Under the Federal Constitution, a person is a citizen by operation of law provided that one of his/her parents at the time of birth is a Malaysian or a permanent resident, or he/she was born in Malaysia and is not born a citizen of any country.
However, the NRD’s practice in arbitrarily determining the nationality of individuals by registering them as “non-citizen” (bukan warganegara) or ”undetermined” (belum ditentukan) on their Birth Certificate has resulted in many stateless individuals in Malaysia. Examples of those who would be stateless are foundlings who were abandoned by their birth parents, children whose biological mother is a foreigner, children who were born before the registration of the parents’ marriage and individuals who inherit the status of statelessness from their stateless parents.
We have extensive experience in representing and providing legal advice to aggrieved parents and stateless individuals regarding their remedies and rights in challenging the NRD’s refusal to register the individuals as Malaysian.
We advise and provide legal representation to:
- parents who seek a declaration of citizenship for their adopted child who has been registered as a “non-citizen” (bukan warganegara) or “undetermined” (belum ditentukan) on their birth certificate by the National Registration Department;
- parents who seek a declaration of legitimacy and citizenship for their child who was born prior to the registration of their marriage;
- individuals who were registered as “non-citizen” (bukan warganegara) or “undetermined” (belum ditentukan) notwithstanding they were born in Malaysia; and
- individuals who were born outside of Malaysia and were registered as “non-citizen” notwithstanding one of their parents is a Malaysian.
- Successfully obtained declarations in 3 separate cases in the High Court that the children born in Malaysia and were lawfully adopted by Malaysian citizens are Malaysian citizens; and obtained orders of mandamus directing the NRD to register the children as citizens of Malaysia.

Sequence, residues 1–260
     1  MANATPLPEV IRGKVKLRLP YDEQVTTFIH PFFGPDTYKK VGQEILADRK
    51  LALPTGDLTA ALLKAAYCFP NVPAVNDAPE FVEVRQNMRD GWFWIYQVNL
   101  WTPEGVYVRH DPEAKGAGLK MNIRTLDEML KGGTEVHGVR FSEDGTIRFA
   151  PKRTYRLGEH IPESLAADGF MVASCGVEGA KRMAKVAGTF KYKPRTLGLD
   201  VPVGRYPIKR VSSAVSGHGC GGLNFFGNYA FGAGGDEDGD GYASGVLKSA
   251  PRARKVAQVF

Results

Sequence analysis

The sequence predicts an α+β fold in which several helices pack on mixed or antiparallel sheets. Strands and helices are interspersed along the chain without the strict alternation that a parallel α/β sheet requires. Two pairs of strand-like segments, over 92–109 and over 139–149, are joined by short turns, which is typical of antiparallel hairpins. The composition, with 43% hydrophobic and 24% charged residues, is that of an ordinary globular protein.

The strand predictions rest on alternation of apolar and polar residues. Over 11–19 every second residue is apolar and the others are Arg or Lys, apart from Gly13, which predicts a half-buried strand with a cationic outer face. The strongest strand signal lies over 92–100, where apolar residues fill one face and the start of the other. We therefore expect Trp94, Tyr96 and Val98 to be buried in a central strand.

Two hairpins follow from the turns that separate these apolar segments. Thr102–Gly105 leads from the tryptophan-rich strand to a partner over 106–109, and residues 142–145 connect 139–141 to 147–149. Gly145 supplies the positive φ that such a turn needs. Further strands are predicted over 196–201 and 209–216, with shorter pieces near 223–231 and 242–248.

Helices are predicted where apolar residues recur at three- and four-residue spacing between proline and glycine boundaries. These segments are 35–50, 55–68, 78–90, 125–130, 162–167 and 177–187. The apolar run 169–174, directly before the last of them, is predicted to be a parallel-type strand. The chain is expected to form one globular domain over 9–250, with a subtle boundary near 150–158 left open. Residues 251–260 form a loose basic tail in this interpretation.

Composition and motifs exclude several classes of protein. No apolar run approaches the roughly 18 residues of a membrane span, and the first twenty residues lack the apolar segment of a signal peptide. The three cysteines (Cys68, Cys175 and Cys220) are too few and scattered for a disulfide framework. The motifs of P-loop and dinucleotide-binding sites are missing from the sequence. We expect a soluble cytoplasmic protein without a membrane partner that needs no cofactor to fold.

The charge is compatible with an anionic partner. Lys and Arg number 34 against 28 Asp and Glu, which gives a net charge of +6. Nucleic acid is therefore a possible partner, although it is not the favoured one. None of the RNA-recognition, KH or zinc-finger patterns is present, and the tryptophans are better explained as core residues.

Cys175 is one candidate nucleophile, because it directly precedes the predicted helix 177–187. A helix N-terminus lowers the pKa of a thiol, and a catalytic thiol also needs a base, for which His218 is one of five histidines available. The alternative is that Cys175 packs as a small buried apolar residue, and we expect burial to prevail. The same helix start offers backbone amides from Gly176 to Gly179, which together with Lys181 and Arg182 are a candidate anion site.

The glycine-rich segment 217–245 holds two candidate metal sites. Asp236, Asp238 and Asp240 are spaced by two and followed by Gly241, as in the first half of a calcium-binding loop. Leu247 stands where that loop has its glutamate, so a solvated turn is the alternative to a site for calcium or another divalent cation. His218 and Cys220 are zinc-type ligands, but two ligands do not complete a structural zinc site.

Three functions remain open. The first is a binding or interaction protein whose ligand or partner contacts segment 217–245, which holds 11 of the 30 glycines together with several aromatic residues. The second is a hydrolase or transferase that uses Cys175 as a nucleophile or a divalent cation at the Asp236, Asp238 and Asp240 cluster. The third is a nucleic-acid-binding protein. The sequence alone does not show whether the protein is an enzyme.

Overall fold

- Represented adopted children in multiple judicial reviews against the National Registration Department’s decision to refuse citizenship to the adopted children.
- Represented the adopted children in an application for reference of constitutional questions to the Federal Court on a declaration of citizenship.
- Represented individuals who were born outside of Malaysia in seeking a declaration of citizenship notwithstanding one of their parents is a Malaysian.
- Represented illegitimate children in seeking declaration of legitimacy and citizenship pursuant to the subsequent marriage of their parents.
- Providing legal advice to the New Zealand Immigration and United Kingdom Visa and Immigration Department on the Malaysian adoption and citizenship process and the effect of statelessness in Malaysia, in support of the application for foreign citizenship of the children adopted in Malaysia.
Reviews & Testimonials
“We have been using the services of MWKA for a number of years and have found them to be professional, competent and efficient.
We would like to express our gratitude to the team of MWKA, particularly to Mr Raymond Mah, Ms Liow Pei Xia and Ms Jasmine Wong for their dedication, support and empathy. We truly appreciate their good legal knowledge, vast experience and excellent analytical skills. Most importantly, they always have their clients’ interest at heart. They help plan and strategize on how best to move forward in achieving a positive outcome.
We would not hesitate to describe MWKA as a professional, top quality and trustworthy legal firm. We would highly recommend MWKA to others who wish to engage their professional services.” – P & Y, Petaling Jaya
“We are deeply appreciative and happy with the services provided by your team of competent, responsible and reliable staff, particularly Raymond Mah and Jasmine Wong. We will not hesitate to recommend your excellent services to others.” -Mr & Mrs C, SelangorRead more
Related Articles and Updates
The Malaysian Adoption Act 1952 does not address the citizenship of adopted children. As a result, the nationality of adopted children in Malaysia has been determined arbitrarily by the National Registration Department (NRD) in the exercise of its administrative function of registering orders granted by the Malaysian courts. By refusing citizenship to many adopted children, the NRD has forced aggrieved parents to subsequently apply to the Minister of Home Affairs for citizenship for their adopted children, which decision is discretionary and beyond judicial review.